In 1961, during a summer job in Vienna, Austria, my father took pivotal advice from Father Theodore Hesburgh, now President Emeritus of the University of Notre Dame.
I was watching the televised coverage of President Obama’s speech at Notre Dame this weekend, and how the camera showed Father Theodore Hesburgh, the 90-something President Emeritus of the university, sitting proudly in the arena.
That prompted me to call my father, to ask him a question, because I remembered something from our family history.
“Was that the same Father Hesburgh who’s in one of our photo albums?”
“Yes,” my Dad replied.
He then shared with me the following story.
In 1961, my father got a summer job working for the International Atomic Energy Agency in Vienna, Austria. He was about to receive his Ph.D. (in economics) from the University of Vienna.
But the degree hadn’t been conferred yet, and meanwhile he had two tiny toddlers at home with mouths to feed — namely me and my 2-year-old older brother. Having that well-paying summer job also gave my Dad a much-coveted pass to the U.N. commissary.
This meant not only that he could buy “all the most exquisite stuff,” but also that he could have it for much less than what ordinary non-diplomatic Viennese citizens had to pay.
At the time, the I.A.E.A., which was set up a few years earlier within the United Nations, was holding many large internationally attended conferences on an ongoing basis to discuss and ensure the idea of “atoms for peace.”
They hired summer students to help with everything from straightening out chairs to placing pads and pencils before delegates to handing out stacks of documents.
One day, while my father was walking around at an I.A.E.A. conference performing these duties, one of the attending international delegates stopped him to take an interest in who he was and what he was doing there.
My father explained he was a student from America, about to get a doctorate in economics.
“What are you going to do with it,” the man asked.
“Go back to America to teach.”
Being a first-generation college grad from the South Side of Chicago, my Dad felt compelled go home in hopes of making a difference in the ongoing and increasingly heated civil rights movement.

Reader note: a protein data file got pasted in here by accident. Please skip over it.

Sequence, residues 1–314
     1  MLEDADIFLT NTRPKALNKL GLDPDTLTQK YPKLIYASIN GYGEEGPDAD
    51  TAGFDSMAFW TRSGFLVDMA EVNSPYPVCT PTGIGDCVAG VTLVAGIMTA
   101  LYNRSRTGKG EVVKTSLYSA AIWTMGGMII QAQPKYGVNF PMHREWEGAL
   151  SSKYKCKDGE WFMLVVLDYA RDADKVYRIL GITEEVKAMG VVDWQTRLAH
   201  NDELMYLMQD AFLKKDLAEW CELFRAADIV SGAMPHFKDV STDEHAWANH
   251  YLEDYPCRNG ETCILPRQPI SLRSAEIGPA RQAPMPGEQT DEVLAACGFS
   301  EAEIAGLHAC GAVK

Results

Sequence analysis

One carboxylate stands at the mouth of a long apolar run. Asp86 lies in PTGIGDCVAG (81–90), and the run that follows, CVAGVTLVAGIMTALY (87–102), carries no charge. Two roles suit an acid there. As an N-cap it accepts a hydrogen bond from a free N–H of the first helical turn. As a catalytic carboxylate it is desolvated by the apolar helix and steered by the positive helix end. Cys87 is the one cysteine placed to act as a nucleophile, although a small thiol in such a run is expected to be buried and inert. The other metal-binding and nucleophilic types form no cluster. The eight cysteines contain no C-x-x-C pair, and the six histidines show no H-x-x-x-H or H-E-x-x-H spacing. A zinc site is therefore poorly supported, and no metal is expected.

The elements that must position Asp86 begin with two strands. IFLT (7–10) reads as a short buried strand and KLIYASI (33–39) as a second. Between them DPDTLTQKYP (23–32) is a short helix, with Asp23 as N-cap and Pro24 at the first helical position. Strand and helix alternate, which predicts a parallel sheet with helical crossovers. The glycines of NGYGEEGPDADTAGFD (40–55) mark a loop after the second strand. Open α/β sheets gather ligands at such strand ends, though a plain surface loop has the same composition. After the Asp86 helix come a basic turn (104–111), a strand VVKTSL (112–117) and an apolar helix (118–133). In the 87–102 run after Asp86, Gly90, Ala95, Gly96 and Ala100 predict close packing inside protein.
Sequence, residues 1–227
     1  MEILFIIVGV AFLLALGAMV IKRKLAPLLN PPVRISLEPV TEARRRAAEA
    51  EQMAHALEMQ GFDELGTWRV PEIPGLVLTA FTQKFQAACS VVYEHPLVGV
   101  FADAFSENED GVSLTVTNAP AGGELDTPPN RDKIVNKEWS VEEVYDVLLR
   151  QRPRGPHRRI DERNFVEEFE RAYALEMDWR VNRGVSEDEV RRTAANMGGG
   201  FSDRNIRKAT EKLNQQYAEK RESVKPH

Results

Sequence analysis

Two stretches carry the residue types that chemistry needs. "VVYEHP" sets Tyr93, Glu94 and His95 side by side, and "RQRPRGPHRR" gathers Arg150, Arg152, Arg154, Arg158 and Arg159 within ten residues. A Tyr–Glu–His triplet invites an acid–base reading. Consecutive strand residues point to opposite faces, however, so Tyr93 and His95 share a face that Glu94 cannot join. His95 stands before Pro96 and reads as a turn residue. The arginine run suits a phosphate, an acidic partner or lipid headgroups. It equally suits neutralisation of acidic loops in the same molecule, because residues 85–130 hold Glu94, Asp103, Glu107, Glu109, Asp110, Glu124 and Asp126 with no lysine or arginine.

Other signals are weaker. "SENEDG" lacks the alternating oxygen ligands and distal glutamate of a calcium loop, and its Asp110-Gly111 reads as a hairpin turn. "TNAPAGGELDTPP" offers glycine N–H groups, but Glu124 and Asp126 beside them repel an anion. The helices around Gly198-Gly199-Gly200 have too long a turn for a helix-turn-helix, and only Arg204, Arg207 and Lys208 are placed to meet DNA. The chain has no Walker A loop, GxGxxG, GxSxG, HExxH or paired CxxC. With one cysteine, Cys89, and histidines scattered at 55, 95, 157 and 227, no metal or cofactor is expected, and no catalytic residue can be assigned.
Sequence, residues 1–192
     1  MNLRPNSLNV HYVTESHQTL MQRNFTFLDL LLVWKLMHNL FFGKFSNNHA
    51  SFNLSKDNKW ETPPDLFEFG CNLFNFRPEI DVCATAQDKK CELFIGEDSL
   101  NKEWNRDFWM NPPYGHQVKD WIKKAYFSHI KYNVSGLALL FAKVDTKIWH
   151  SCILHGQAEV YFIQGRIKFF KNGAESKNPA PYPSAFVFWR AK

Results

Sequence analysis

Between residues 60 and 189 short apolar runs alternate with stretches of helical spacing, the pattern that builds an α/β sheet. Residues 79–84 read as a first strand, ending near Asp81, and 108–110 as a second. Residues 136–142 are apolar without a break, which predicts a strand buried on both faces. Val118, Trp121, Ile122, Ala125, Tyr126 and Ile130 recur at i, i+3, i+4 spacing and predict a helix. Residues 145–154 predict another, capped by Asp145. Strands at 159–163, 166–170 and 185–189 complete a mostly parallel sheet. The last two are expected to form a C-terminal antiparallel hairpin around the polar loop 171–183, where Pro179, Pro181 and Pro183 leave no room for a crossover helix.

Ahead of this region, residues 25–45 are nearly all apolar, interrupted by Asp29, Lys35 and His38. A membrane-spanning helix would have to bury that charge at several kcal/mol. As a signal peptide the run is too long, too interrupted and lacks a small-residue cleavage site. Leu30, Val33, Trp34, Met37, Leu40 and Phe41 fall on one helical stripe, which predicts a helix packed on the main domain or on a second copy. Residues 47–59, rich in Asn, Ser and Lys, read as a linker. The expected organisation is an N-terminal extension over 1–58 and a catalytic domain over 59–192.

“Don’t go to America,” the man said. “You’re much more needed in Africa.”
“How do I get there?”
“There’s a charter flight leaving Brussels in two weeks, heading to the Congo; there’s a college there called the University of Lovanium, and if you can get to Brussels, they’ll take care of the rest.”
Sure enough, my Dad got to Brussels, flew to Leopoldville (now Kinshasa), interviewed with the university, and agreed to join the faculty there.
He then moved our family to Africa, where we settled into a modest home inside a university-run housing compound. My youngest brother was born there.
According to my father, they paid for everything — the travel, the moving, the housing — which, with his salary, allowed him to save up enough to buy our first house once we finally moved back to the United States a few years later.
That man, who suggested to my Dad that he go to Africa — and arranged everything — was Father Theodore Hesburgh, then the president of the University of Notre Dame.
At the time he was also the permanent Vatican City representative to the International Atomic Energy Agency in Vienna, and that’s why he was attending those conferences.
And, he had been a charter member of the U.S. Commission on Civil Rights — appointed by President Eisenhower in 1957.
During his speech at Notre Dame, President Obama mentioned the work of this commission, and the pivotal role that Father Hesburgh played in helping the group reach common ground around potentially volatile and deeply entrenched issues of race.
The commission’s recommendations ultimately led to President Johnson’s historic Civil Rights Act in 1964, the year Father Hesburgh marched hand-in-hand with Dr. Martin Luther King.
So, his advice to my father during that summer of 1961 was not just idle chatter.
Father Hesburgh and my Dad remained in contact, met socially on occasion, and became friends.
“He was a guiding angel,” my father says today.
I never knew this story within the story within the story. Even about my own family history. Until now.
But it explains the black and white photographs in our old family album.
It explains the genesis of how on earth our family ended up in Africa.
And it explains why it was so very appropriate after all, for the University of Notre Dame to host President Barack Obama for the purpose of conferring on him an honorary degree.